Enhancing the analysis, design, and control of autonomous systems through robotics, optimal control, optimization, and operations research

We have developed an algorithmic framework that allows for real-time motion planning/obstacle avoidance for high-speed robotic systems, such as quadrotors. This framework, which addresses a critical need in many cutting edge robotic technologies, is enabled by a novel application of machine learning algorithms to estimate cost-limited reachable sets for dynamical systems. As a validating test, we've implemented the framework on an autonomous quadrotor and tasked it with avoiding high speed obstacles (such as a fencing blade) while navigating to objectives in an indoor environment. This stands as, arguably, the first demonstration of truly online motion planning for a quadrotor system.

Essentially any time a robot moves through the world to accomplish a task while avoiding obstacles, it is solving a path planning problem. If that robot's motion is described by kinematic or differential equations, then it is solving a kinodynamic planning problem.

These types of problems lie at the heart of many cutting edge technologies. From autonomous cars steering through traffic, to aerial drones that will deliver packages in dense urban environments, to robotic spacecraft delicately docking with a space station, the need for effective, real-time kinodynamic planners is ever-present.

Unconstrained planning problems, often referred to as “geometric problems” where the robot can translate and/or rotate arbitrarily (think of the Roomba robot driving around on the floor), have been studied for decades. Real-time solutions to such problems are achievable by using sampling-based motion planning algorithms.

Kinodynamic planning problems, on the other hand, are still considered an 'open problem' when it comes to real-time solutions. The difference between the geometric problem and the kinodynamic problem is in how the robot travels from point to point. For a geometric robot, this path is usually a straight line. When a kinodynamic robot traverses between two points, it must solve a boundary value problem. Solving such a boundary value problem can be quite computationally expensive, on the order of a few tenths of a second. For sampling-based motion planning we may require the solution to hundreds-of-thousands or millions of such boundary value problems. With each BVP requiring a few tenths of a second to compute, the question becomes: how can we perform all of these computations fast enough for a robot to respond to a encroaching obstacle that may collide in less than a second?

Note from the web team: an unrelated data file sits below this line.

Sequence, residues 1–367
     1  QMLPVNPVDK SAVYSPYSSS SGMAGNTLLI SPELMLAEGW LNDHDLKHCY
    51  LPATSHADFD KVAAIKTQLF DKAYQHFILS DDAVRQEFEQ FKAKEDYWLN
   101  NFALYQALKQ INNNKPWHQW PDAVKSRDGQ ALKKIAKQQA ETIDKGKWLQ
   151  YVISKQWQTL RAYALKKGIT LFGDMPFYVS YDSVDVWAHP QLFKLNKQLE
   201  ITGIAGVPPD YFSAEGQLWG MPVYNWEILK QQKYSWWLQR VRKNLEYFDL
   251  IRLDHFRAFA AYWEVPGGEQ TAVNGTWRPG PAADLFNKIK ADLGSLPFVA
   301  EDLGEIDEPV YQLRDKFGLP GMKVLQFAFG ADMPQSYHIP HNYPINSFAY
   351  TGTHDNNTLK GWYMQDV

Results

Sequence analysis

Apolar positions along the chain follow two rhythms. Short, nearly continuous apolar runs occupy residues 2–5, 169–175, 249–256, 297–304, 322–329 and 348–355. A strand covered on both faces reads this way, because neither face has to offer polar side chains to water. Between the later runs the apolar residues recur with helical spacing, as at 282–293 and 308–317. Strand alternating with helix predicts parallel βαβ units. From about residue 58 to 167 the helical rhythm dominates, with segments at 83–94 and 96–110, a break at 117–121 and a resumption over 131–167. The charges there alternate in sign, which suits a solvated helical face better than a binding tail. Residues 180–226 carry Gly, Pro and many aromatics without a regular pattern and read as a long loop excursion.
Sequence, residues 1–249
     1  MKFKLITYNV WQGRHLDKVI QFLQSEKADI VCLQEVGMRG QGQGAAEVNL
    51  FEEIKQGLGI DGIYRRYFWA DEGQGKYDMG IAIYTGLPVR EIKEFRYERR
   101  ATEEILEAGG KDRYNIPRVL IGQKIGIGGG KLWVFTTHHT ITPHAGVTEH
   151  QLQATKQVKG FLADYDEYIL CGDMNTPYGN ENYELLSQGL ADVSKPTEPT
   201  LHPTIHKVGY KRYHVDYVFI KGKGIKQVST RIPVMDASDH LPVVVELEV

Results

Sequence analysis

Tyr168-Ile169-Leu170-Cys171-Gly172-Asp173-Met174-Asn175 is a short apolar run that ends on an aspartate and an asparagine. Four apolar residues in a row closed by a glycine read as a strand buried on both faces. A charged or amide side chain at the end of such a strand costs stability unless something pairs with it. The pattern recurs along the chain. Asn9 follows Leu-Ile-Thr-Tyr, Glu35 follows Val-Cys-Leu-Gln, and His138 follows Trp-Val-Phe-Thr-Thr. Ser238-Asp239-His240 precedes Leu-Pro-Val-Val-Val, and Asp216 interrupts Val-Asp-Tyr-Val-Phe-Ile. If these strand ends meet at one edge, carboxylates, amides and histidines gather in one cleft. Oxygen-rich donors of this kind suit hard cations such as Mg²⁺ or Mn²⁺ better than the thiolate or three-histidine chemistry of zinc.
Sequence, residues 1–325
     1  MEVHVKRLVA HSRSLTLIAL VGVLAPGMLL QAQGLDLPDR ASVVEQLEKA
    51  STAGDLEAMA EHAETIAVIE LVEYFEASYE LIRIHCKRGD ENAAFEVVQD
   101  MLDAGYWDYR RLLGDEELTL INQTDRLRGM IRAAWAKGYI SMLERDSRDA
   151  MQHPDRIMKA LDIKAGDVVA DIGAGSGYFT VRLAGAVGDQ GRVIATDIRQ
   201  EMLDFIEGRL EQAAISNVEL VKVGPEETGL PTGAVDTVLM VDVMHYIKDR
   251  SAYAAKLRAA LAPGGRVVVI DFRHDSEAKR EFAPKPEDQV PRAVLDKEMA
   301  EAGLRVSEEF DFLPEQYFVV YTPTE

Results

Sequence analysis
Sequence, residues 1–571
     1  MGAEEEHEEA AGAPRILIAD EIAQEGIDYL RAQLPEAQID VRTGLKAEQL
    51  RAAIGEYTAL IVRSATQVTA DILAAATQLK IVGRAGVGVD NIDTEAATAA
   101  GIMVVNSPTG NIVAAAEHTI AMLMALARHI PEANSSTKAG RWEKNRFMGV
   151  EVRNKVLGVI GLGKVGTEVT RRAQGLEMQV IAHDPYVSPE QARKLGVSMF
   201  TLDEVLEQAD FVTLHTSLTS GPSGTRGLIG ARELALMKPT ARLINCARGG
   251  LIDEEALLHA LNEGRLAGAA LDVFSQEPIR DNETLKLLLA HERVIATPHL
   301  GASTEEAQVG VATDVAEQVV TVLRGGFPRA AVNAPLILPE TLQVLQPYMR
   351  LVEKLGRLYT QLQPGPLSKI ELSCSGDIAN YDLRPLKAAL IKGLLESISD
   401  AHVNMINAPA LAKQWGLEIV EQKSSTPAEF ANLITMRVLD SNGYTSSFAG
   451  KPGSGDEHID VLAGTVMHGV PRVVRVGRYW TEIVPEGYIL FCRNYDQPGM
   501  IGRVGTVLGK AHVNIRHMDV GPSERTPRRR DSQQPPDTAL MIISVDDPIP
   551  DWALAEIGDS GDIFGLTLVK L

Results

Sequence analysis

To address this question we've developed a real-time framework for kinodynamic planning that reduces the amount of necessary online computations by several orders of magnitude. The framework utilizes an offline-online computation paradigm, neighborhood classification through machine learning, sampling-based motion planning with an optimal cost distance metric, and trajectory smoothing to achieve real-time planning for aerial vehicles. This framework accounts for dynamic obstacles with an event-based replanning structure and a locally reactive control layer that minimizes replanning events.

We've implemented the kinodynamic planning framework on the AgileQuad test platform at Stanford's Autonomous Systems Laboratory. The framework has been successfully demonstrated real-time planning for static obstacles, low-speed dynamic obstacles, and even high-speed, adversarial obstacles.